In lieu of an abstract, here is a brief excerpt of the content:

  • Frontiers Turns Forty!
  • Christine Keating, Guisela Latorre, and Judy Tzu-Chun Wu

This year marks a momentous anniversary for Frontiers: A Journal of Women Studies. Forty years ago, in 1975, the journal was founded at the University of Colorado, Boulder. Since its inception Frontiers has resided primarily in the US West. The journal moved to the University of New Mexico, to Washington State University, and to Arizona State University before relocating to the Midwest at Ohio State University in 2012.

As our editorial team enters our third year of producing the journal, we honor the spirit of the founders of Frontiers. We publish cutting-edge interdisciplinary feminist scholarship and creative work that expand the frontiers of our collective knowledge. We also foreground scholarship, literature, and visual art that privileges intersectional analysis, women-of-color feminism, and transnational feminisms. After all, one society’s frontier can be reinterpreted as a borderland, a place where multiple peoples, cultures, and nations coexist.

To help us honor the past, we begin this issue with a special feature, “Feminist Reflections.” Our first reflection features a roundtable of distinguished scholars on the life and career of historian Gerda Lerner (1920–2013). Born in Vienna to a Jewish family, Lerner crossed multiple borders in her personal, political, and intellectual life as she became a labor activist and leading scholar in US women’s and black women’s history. Renowned historians Nancy F. Cott, Linda Gordon, Linda K. Kerber, Alice Kessler-Harris, Joyce Antler, and Thavolia Glymph offer reflections on Lerner’s intellectual and activist careers. These comments were drawn from two events, a panel at the Organization of American Historians Annual Conference, held in San Francisco in April 2013, and the symposium “Why History Matters,” held at the Arthur and Elizabeth Schlesinger Library on the History of Women in America, Radcliffe Institute for Advanced Study, Harvard University, in December 2013. Eileen Boris and Elizabeth Currans, authors of our “Feminist Currents” feature, offer concluding reflections to the roundtable. Their comments incorporate submissions sent in response to the question, “When Gerda Lerner passed, we lost a path-breaking feminist historian and fierce advocate for justice. How did her pioneering work shape your research and teaching?” [End Page vii]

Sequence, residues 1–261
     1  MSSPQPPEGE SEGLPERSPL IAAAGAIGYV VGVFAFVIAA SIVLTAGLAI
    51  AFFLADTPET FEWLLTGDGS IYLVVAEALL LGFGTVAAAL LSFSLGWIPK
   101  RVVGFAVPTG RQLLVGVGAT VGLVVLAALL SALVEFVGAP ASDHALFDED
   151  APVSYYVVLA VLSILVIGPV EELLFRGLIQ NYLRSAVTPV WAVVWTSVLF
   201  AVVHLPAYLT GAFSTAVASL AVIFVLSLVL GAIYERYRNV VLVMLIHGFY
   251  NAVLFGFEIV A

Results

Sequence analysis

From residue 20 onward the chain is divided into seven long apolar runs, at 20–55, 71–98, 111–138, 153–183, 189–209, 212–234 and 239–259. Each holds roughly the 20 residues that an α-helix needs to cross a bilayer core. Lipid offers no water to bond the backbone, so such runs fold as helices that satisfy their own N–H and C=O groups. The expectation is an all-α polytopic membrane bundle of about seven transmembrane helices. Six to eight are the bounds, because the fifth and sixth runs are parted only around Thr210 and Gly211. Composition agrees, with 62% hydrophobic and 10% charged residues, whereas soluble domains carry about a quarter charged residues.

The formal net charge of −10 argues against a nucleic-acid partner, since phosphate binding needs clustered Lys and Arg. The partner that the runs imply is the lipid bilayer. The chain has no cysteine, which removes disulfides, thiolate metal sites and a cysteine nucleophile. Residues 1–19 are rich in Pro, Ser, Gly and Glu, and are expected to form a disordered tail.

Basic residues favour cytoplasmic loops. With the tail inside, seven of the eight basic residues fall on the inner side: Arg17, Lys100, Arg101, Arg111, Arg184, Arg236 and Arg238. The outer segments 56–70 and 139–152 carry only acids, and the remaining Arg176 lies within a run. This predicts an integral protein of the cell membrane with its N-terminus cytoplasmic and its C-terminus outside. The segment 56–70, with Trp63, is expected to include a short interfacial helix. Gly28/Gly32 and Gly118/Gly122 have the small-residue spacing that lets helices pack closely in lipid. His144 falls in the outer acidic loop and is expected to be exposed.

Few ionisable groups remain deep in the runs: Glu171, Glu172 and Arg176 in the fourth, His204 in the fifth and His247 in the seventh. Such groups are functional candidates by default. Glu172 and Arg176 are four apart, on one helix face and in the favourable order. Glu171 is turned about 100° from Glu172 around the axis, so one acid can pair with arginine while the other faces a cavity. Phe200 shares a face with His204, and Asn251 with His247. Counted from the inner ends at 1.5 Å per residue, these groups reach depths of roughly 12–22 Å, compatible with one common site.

The articles by Basuli Deb and Karen Kuo continue the conversation between the past and present by foregrounding how historical literature provides new insights for theorizing transnational feminism. Deb analyzes Aphra Behn’s 1688 novella Oroonoko as a form of “protofeminist transnational politics between an imperial woman writer-narrator and the colonial subject in the seventeenth century.” Karen Kuo argues that Etsu I. Sugimoto’s 1926 work, A Daughter of a Samurai, constituted an important trans-Pacific feminist text in the early twentieth century.

While Deb and Kuo examine race in relation to transnationalism, Kathleen B. Casey and Anh Hua analyze race in relation to sexuality and self-authorship. Casey’s work foregrounds the career of Eva Tanguay, a vaudeville performer in the early twentieth century. Tanguay, a white woman, performed “animalistic savagery,” presenting audiences with “a new ideal of racialized masculine femininity.” Hua analyzes Audre Lorde’s 1982 memoir, Zami: A New Spelling of My Name, to illuminate how Lorde narrated eroticism and sexual trauma as practices of self-invention.

The final two essays explore gender, race, and collective activism. La Donna L. Forsgren analyzes the art and activism of Barbara Ann Teer to illuminate how black women intellectuals contributed to the Black Arts Movement (1965–76). Marshall Jeffries examines the decolonial and feminist activism of the Occaneechi, a Native American nation in North Carolina.

The artwork of Laura Kina and the creative essay by Catherine Jagoe are perfect complements to this issue’s themes of race, transnationalism, sexuality, and activism. Based in Chicago, Kina is a multiracial artist whose work examines the cultural influence of Bollywood (the movie industry in India); the historical significance of Loving vs. Virginia, the 1967 US Supreme Court case that deemed antimiscegenation laws (which prevented interracial marriage) unconstitutional; and the legacies of Japanese immigration and plantation labor in Hawaii. Kina explores these societal and historical issues through visual depictions of individuals and landscapes. Jagoe examines her past life, particularly her struggles with anorexia nervosa...

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Additional Information

ISSN
1536-0334
Print ISSN
0160-9009
Pages
pp. vii-viii
Launched on MUSE
2015-03-15
Open Access
No
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